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Children Are Celebrated Throughout Russia Today

The first day of summer is Children's Day.

Sergei Kiselyov / Moskva News Agency

Children’s Day, like several other Soviet holidays, actually began in the U.S. In 1857, Reverend Dr. Charles Leonard held a special service dedicated to children in his Chelsea, Massachusetts church. He first called it Rose Day, and later Flower Sunday, and finally Children’s Day.

In 1925, the World Conference of Child Welfare in Geneva founded International Children's Day, and then in 1949, June 1 was declared the International Day for Protection of Children by the Women's International Democratic Federation in Moscow.

In Moscow the day will be celebrated with all kinds of games, tours, readings, quests, and classes at the city’s museums, libraries, and other cultural institutions. Theaters and concert halls have special events for children, and the zoo is allowing visitors to help feed the pandas.

The Obraztsov Puppet Theater is celebrating in a big way: by opening a park — the Obraztsovpark — that was envisioned way back in the 1970s but never fully carried out. Today there will be music, a market, performances and other events. The theater plans to keep the park open all year round.


					Aladin's Lamp in the Obraztsov Puppet Theater garden					 					Obraztsov Puppet Theater
Aladin's Lamp in the Obraztsov Puppet Theater garden Obraztsov Puppet Theater

Many events are designed to be inclusive of all children, such as the concert “The Little Prince and His Friends” in Cheboksary, which is being organized with Svoboda, a Chuvash non-governmental organization to support people with disabilities.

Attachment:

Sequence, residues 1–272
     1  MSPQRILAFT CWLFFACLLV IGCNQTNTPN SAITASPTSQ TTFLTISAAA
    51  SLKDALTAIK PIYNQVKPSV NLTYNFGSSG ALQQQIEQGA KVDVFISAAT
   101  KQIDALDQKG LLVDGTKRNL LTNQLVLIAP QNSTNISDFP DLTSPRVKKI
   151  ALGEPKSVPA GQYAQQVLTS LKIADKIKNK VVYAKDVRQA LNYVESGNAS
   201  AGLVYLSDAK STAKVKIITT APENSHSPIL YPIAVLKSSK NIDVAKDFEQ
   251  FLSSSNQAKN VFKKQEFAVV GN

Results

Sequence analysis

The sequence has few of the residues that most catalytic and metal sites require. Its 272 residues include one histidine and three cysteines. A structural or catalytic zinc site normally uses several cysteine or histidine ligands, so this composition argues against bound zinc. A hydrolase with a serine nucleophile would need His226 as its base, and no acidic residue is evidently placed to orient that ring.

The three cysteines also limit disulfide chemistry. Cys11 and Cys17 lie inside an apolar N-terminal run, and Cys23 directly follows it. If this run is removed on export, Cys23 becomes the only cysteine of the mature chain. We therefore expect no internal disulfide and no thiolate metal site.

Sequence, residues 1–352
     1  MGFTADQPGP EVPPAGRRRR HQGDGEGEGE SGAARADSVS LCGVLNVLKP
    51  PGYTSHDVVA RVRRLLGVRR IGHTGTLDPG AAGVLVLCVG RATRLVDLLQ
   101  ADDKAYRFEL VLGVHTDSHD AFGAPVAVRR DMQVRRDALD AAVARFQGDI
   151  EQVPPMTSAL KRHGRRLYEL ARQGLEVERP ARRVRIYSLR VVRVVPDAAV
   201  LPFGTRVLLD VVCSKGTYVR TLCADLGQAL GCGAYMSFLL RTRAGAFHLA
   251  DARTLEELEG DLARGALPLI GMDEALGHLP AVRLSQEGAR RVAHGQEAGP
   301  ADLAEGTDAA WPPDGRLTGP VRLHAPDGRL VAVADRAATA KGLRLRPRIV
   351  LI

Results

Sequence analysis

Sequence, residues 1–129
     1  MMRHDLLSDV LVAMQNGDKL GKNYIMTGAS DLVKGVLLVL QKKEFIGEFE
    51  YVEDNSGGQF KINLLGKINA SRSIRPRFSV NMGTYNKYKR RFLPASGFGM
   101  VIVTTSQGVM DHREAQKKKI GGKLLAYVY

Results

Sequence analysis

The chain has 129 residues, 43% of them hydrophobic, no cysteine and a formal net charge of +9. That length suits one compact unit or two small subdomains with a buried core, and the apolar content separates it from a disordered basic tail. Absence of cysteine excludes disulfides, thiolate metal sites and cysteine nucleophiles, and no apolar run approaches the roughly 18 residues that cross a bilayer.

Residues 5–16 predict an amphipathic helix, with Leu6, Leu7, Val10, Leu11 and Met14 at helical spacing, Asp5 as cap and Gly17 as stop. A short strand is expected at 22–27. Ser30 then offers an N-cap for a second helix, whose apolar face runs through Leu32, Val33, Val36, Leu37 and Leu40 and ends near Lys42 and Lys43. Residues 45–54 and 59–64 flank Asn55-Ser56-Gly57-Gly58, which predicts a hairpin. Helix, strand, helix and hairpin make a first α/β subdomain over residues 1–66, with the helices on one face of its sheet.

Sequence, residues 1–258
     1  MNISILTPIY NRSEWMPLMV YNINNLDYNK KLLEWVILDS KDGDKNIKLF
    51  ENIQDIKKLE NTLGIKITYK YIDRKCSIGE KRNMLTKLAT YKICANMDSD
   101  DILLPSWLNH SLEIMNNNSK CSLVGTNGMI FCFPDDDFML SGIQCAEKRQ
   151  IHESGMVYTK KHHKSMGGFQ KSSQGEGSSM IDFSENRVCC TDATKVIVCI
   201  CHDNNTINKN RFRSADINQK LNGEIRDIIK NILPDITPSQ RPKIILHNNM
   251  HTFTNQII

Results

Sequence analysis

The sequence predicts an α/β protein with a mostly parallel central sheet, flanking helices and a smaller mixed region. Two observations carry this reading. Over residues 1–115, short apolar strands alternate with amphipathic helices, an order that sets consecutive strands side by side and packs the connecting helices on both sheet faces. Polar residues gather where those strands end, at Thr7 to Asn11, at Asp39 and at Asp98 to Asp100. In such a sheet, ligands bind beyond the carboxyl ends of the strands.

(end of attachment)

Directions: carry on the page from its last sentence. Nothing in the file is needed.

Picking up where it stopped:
In other places, the emphasis is on local culture. In Yoshkar-Ola children aged 7-12 with high scores in the Mari language, history and culture will be front in center in a program held in Mari. Characters from Mari fairy tales will entertain the children.

Children in Tula can watch “The Samovar Tale,” a version of a story by Kornei Chukovsky about Mukha-Tsokotukh, told by his Majesty Samovar Samovarych. It is billed as a “thriller about the life of insects.” The performance will be shown outdoors — naturally — in the Tula Kremlin, with an online broadcast to all municipalities of the region.

In Novosibirsk, the local Puppet Theater and Soyuzmultfilm are hosting a festival in honor of the studio’s 85th anniversary. The almost two-week celebration will take place by the Puppet Theater.

And finally, in the "nerpinary” in the village of Listvyanka, Irkutsk Region, the nerpa seals of Lake Baikal will demonstrate their abilities to draw, count, play musical instruments and football.

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